Traveling north from Buenos Aires by plane, we visited the incredible Iguazu Falls. You've likely seen these Falls in films including, for example, The Mission or Indian Jones and the Crystal Skull. When Eleanor Roosevelt saw the Falls, she is said to have observed, "Poor Niagara!". To put these Falls in perspective, here are some statistics culled from Wikpedia:
Iguazu Falls Victoria Falls Niagara Falls
Height 270 ft 360 ft 167 ft
Width 8,800 ft 5,600 ft 3,900 ft
Having been blessed to see all three waterfalls, the question is which is the most impressive? Although I have a soft spot in my heart for Niagara--my parents honeymooned there--it ranks third of the three. As to Iguazu and Victoria, that is a tough call. They are very different waterfalls. Victoria is the largest curtain of water in the world whereas Iguazu is a series of 275 waterfalls punctuated by verdant islands. Linda and I agree on the winner: Iguazu. As astonishing as the Victoria Falls are, the sheer number of waterfalls at Iguazu, ranging from mammoth torrents of water to delicate streams gently flowing over walls of green, challenge the senses. We felt as though are necks were on pivots as we struggled to take everything in.
The largest cataract is called the Devil's Throat--note the similarity of the name to the Devil's Pool at Victoria. Note to traveler: if an attraction has the word 'Devil' in it, ask a lot of questions about exactly what you are getting into. To reach the Devil's Throat, you walk along a steel catwalk all the way across the river until you are on a platform perched above the water just before in plummets over the precipice. The view, above the roar of the rushing water and the cold spray that licks at you, is frightening as you try and comprehend the power generated by the raging torrent. Your imagination is helped by the remnants of a prior catwalk that was destroyed when the river flooded.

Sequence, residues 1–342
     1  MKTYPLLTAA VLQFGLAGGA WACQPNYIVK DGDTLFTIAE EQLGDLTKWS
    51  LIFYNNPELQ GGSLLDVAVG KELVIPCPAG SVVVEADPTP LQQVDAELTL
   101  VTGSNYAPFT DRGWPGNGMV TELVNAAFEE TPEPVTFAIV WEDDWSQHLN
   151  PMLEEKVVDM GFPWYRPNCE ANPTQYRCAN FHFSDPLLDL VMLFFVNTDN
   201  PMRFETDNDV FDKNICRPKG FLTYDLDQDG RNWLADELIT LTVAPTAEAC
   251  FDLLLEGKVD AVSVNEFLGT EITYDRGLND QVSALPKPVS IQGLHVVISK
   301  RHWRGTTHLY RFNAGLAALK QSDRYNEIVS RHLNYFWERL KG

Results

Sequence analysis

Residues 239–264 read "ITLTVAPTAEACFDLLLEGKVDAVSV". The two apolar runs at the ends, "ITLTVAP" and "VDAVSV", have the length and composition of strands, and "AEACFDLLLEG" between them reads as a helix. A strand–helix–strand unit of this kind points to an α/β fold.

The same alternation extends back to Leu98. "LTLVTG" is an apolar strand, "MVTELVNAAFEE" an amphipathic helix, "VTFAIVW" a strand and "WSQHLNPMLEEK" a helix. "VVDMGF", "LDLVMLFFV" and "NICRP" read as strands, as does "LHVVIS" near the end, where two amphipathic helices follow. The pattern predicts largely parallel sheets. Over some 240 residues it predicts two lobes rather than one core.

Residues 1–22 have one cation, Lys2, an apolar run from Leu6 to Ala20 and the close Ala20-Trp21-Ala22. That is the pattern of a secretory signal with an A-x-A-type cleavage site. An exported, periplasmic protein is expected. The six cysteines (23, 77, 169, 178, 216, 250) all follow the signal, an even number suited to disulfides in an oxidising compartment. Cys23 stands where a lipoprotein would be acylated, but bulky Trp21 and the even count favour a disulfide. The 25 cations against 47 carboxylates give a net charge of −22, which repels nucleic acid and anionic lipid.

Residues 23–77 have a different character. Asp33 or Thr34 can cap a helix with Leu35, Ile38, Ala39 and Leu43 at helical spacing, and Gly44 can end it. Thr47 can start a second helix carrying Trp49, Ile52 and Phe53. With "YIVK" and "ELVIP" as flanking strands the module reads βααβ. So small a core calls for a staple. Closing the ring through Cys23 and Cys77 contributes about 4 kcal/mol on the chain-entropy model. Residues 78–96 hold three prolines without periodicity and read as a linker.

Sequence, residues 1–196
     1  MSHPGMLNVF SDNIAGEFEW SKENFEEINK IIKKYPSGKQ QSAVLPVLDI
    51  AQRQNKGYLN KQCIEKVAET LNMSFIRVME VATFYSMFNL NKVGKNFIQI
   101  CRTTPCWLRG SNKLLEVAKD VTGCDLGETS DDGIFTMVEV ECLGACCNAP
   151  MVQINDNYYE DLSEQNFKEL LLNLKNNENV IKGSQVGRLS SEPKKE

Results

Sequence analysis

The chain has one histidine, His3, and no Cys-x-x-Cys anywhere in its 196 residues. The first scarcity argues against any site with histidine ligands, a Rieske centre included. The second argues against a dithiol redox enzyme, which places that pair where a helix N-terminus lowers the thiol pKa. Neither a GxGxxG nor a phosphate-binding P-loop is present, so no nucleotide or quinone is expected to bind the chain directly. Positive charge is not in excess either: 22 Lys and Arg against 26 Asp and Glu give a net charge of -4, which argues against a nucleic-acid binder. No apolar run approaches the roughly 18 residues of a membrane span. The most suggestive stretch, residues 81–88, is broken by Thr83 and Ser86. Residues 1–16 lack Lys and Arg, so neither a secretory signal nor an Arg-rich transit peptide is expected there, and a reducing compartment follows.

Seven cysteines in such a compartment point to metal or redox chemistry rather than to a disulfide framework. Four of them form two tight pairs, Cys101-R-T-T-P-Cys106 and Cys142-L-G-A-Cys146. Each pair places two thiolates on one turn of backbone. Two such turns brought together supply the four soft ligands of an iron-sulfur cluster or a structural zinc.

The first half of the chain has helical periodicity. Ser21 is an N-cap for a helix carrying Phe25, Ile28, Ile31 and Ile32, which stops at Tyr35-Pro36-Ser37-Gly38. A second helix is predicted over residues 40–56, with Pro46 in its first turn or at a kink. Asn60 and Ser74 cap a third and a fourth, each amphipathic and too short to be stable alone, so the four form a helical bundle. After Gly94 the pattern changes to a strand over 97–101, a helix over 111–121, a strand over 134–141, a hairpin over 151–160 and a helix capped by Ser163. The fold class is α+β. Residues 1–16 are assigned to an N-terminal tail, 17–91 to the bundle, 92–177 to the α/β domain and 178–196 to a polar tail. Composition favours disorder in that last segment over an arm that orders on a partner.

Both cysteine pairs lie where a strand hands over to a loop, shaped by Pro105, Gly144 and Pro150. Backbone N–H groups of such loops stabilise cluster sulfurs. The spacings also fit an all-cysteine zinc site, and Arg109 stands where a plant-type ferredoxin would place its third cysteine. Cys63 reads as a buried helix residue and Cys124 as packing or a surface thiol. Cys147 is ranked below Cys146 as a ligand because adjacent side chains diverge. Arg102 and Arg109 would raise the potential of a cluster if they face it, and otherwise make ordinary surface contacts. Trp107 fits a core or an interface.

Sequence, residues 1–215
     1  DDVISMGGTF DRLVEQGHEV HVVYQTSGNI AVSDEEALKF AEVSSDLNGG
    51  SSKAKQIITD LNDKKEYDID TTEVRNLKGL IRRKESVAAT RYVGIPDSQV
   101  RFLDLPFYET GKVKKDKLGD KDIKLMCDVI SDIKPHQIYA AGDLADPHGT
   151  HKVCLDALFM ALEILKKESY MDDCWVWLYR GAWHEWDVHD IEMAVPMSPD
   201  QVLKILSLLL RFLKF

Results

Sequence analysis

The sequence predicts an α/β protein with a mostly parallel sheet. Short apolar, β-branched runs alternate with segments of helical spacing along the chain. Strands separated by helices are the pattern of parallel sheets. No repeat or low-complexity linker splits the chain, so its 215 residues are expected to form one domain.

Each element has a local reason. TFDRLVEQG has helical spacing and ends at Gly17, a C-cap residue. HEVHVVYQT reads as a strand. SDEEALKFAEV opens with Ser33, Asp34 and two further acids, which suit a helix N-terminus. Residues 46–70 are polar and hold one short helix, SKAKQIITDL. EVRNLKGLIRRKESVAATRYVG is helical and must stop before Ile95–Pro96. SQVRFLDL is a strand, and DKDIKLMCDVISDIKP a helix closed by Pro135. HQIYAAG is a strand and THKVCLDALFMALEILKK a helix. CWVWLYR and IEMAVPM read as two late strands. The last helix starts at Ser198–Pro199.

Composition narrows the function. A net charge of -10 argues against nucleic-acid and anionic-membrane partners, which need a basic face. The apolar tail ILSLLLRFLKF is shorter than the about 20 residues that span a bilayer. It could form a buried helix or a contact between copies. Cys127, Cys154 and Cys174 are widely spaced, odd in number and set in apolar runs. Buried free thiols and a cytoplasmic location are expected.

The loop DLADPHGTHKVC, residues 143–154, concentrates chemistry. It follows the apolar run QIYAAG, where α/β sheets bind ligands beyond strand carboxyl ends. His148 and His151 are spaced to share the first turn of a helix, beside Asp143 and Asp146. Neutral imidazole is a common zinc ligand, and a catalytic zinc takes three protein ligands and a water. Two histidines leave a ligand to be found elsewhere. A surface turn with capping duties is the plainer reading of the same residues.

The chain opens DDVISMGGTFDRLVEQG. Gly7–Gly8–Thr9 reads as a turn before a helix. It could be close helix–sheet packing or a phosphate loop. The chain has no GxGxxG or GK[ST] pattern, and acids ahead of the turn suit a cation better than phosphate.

We left the cataract and took a truck along a bumpy road through the forest to the bank of the river. There, we boarded a boat and went for an exhilarating ride to view the Falls, including up-close adventures when we curled against some of the massive walls of water as they tore into the river and everyone aboard became absolutely soaked. All of it was great fun until the boat dropped us off and we were faced with a climb of several hundred feet. Despite the beautiful scenery, hiking uphill in the heat and humidity was not fun. Linda shot me several looks, along with comments I won't repeat here, and I knew that a trip to a jewelry store was in my immediate future.
The taxi driver offered to take me on a side trip to Paraguay on the way back, but I declined. Not only did I want to get back to Linda, but I did not have a visa to visit Paraguay. When I explained to the driver about my lack of a visa, he laughed and said that Paraguay is too poor a country to patrol its borders. He assured my that no papers would be needed but I nevertheless declined. With my luck, I worried that I'd be intercepted and spend some time in a Paraguayan jail cell--not my idea of a good time. I subsequently learned that the triangle where Brazil, Argentina, and Paraguay converge is, indeed, a haven for smugglers, criminals, and even Middle Eastern terrorist groups. The jungle makes it difficult to patrol and the borders are consequently porous.
On our final night, Linda and I had dinner at a lively restaurant in town, complete with dancing and music. The steak was outstanding and grilled tableside. Back at the hotel, we gazed through a clear sky to see the Southern Cross constellation and capped the evening with a nightcap in the bar. We toasted Mr. DeNiro and looked forward to our departure in the morning and our journey onward to Uruguay.
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